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Asia: Stocks rise for third day as yen weakness buoys Japan
[SYDNEY] Asian stocks rose for a third day, following gains in Europe and America, with a weaker yen buoying equities in Tokyo as investors awaited developments in Greece and US jobs data.
The MSCI Asia Pacific Index gained 0.1 per cent to 146.69 as of 9.01 am in Tokyo. Japan's Topix index advanced one per cent after the yen slid 0.5 per cent on Wednesday. Futures on the FTSE China A50 Index gained 3.3 per cent after Chinese securities regulators relaxed margin-trading rules and cut equity- transaction fees in their latest attempts to prevent its bear market from deepening.
The Standard & Poor's 500 Index added 0.7 per cent and the Stoxx Europe 600 Index jumped 1.5 per cent after two days of declines as Greece signaled it was ready to compromise on ending a standoff over bailout aid. The bid was rejected by euro-area leaders, who have said they won't hold talks until after Sunday's referendum on creditors' demands.
"There has to be a negotiated deal there and I think the market believes there will be at the end of the day despite the drama," Michael Cuggino, a fund manager at Pacific Heights Asset Management LLC in San Francisco, told Bloomberg TV. "Corporate earnings in the second quarter along with the labor data will give us an indication as to what we're going to see going forward." Australia's S&P/ASX 200 Index was little changed and South Korea's Kospi index rose 0.4 per cent. New Zealand's NZX 50 Index advanced 0.2 per cent. Hong Kong's market reopens Thursday after a holiday.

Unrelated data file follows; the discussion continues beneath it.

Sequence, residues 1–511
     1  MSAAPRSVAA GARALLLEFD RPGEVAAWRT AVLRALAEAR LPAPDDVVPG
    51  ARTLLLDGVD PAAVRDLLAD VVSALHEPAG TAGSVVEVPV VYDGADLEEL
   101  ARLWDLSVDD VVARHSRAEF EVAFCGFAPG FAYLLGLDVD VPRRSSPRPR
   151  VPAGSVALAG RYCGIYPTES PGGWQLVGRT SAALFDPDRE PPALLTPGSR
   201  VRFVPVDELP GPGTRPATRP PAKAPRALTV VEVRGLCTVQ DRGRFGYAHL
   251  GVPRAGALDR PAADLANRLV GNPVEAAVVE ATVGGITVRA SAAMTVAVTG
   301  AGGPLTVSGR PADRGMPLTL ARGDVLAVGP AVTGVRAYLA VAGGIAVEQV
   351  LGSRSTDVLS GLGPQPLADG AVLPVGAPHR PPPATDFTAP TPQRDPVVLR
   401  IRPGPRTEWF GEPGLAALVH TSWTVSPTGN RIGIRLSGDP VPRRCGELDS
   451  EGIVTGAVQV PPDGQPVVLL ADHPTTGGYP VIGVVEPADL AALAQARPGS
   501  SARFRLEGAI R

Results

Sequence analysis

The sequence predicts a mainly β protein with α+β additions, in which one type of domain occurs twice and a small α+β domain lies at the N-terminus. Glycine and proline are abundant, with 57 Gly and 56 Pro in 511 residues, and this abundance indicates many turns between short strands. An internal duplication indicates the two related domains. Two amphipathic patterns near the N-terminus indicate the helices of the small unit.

China Futures FTSE China A50 Index futures trading in Singapore gained after the China Securities Regulatory Commission said it will no longer require brokerages to force the sale of stock held by clients with insufficient collateral, and will allow "reasonable rollover" in margin trading. China's two bourses will reduce the fees by 30 per cent starting Aug. 1, the Shanghai Stock Exchange said.
Chinese stocks have been on a rollercoaster over the last two weeks with investors torn between hefty valuations and the government's efforts to prop up the market.
In the US, companies added 237,000 workers in June, the most in six months, data from Automatic Data Processing Inc showed Wednesday. A separate report showed manufacturing expanded in June at the fastest pace in five months, indicating domestic demand is allowing American factories to withstand sluggish overseas economies.
E-mini futures on the S&P 500 were little changed on Thursday.